Walla Walla Quiet Hours: Quelling Late-Night Parties

Illustration+by+Elie+Flanagan

Illustration by Elie Flanagan

Kylin Brown, Staff Reporter

Recent changes in the City of Walla Walla’s Noise Control rules made headlines in the Union Bulletin last week. These changes also caught the attention of many, as it incorporated the words “quiet hours” into a city-wide context. This phrase, all-too-familiar to Whitman students, made many question Whitman’s role in the passing of the ordinance amendments.

“The noise control section is not new,”  Mayor Barbara Clark said. She further stated that the City Council simply provided “an update” to the Walla Walla’s Municipal Code.

This is the first time many Whitman students have heard about the city’s municipal code on noise control, but it has existed for tens of generations of graduates.

The change lies within section 8.13.060, which details “sounds exempt at all times,” ranging from aircraft and fire alarms to thunder as noises that the city deems exempt from control. “Unamplified human voices” was a noise listed here as well until last week’s City Council meeting.

The new version stated that human voices, amplified or not, must stay under the limit of 45 decibels between 10 p.m. and 7 a.m. on weekdays, and 11 p.m. and 9 a.m. on weekends. If this limit is exceeded within these hours, human voices may be considered a nuisance worthy of a call to the Walla Walla Police Department.

When asked about the need for this amendment, Clark said, “someone went and found ‘unamplified human voices’ [as exempt from noise control] so when the police came to respond to the noise levels, they saw that there wasn’t a sound system, but people were still being very loud and this is why it was brought to the attention of the City Council.”

Illustration by Elie Flanagan

It was made apparent after this event that people can still create quite a raucous without the use of a sound system. However, sound systems are common at Whitman’s fraternity parties, and do contribute to frequently noisy weekend nights on Isaacs Avenue.

Senior Jack Taylor is the president of one of Whitman’s four fraternities: Beta Theta Pi.

“I would never say that the frats don’t make a lot of noise, but it would be confusing if they were the reason,” Taylor said.

Many houses that surround the fraternities are rented out by fellow Whitman students so complaints aren’t as frequent as they might otherwise be.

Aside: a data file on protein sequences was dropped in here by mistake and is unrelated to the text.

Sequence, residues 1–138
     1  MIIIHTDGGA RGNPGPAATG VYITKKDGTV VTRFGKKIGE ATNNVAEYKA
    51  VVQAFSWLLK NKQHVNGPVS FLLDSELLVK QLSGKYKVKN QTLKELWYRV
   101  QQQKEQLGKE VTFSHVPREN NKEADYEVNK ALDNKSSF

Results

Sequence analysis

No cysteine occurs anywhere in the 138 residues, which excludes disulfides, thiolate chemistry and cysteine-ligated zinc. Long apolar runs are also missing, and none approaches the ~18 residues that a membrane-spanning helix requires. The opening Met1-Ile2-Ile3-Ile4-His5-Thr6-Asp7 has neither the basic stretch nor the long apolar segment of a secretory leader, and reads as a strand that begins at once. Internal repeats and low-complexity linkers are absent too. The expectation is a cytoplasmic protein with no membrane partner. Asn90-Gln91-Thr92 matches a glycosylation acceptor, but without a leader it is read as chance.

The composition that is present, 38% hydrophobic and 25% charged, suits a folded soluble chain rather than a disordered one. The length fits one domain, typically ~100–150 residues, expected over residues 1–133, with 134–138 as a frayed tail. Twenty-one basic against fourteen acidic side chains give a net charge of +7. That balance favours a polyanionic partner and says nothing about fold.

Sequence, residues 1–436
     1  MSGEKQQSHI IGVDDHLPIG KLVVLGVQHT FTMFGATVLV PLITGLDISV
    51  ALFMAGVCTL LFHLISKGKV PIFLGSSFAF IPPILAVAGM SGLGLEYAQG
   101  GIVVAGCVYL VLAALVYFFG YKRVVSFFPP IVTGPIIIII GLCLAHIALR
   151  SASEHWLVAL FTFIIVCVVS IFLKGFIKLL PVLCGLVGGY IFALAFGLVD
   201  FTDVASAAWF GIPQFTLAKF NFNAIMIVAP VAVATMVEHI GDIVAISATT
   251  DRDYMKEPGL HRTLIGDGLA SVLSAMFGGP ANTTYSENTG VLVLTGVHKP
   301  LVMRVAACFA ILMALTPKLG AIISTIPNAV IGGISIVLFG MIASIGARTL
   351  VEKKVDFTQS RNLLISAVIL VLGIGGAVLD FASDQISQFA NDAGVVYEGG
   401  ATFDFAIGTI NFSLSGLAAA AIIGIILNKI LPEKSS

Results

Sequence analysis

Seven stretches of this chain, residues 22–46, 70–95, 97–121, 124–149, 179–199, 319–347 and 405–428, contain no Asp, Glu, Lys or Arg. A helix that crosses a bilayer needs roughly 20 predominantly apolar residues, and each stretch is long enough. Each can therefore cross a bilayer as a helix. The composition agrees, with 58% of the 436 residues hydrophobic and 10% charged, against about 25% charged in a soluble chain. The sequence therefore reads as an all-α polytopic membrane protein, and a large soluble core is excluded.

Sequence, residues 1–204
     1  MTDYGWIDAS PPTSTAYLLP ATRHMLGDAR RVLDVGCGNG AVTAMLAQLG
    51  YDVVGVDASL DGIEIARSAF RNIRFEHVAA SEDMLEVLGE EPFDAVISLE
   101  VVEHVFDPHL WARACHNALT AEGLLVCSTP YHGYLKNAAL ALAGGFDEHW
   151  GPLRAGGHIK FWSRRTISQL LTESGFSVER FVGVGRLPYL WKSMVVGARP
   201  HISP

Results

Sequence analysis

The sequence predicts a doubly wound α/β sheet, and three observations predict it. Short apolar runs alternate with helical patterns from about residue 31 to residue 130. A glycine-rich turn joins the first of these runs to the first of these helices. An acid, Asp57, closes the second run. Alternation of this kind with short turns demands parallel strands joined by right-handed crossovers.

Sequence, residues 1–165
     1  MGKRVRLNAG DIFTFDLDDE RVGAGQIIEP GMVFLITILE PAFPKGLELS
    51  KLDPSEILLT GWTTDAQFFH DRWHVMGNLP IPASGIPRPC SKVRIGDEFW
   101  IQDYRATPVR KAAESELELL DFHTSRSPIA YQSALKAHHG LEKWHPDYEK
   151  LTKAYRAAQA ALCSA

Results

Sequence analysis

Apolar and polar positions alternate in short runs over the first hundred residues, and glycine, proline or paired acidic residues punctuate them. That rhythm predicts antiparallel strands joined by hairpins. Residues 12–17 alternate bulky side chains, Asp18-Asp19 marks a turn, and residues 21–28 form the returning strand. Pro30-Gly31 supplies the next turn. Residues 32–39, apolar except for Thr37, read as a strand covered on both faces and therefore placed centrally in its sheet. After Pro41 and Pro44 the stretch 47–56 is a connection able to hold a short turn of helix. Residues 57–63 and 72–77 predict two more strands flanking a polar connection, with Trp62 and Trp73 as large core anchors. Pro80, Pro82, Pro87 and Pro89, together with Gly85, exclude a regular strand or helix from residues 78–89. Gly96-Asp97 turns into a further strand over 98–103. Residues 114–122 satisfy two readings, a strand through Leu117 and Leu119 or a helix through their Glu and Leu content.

Taylor said, “Beta has not gotten a noise complaint in over eight months now … most of our neighbors are student houses and the ones that aren’t student houses have been there longer than I have, so they have heard the noises for years and I would imagine they are used to it.”

Whitman fraternity parties will usually draw complaints due to loud music. Taylor does not think that this alteration, having to do with voice levels, could be attributed to the fraternities because of this.

“I think we definitely make a decent amount of noise on the weekends, but again, I just don’t get that if they’re mad about Whitman noise, why they would make that specifically the rule,” Taylor said. “I don’t think the biggest concern at our parties noise-wise is someone speaking at 45 decibels.”

When asked about Whitman’s contribution to nightly noise levels, Mayor Clark said, “I live near quite a few Whitman students … we have their cell phone numbers for reminders, and they are good about it.”

In general, Clark does not think that Whitman student parties are the driving force behind this amendment, and discussions at City Council public meetings have included complaints of pool parties over the summer and across the city that do not pertain to college student activities.

Clark concluded, “I’m good with parties, fine with dancing and music … drinking tends to be a factor in loud noise … but it’s usually cases where the noise goes until two or three in the morning that it becomes an issue.”

This decision will still need to be approved by the Washington Dept. of Ecology before it can be finalized and implemented.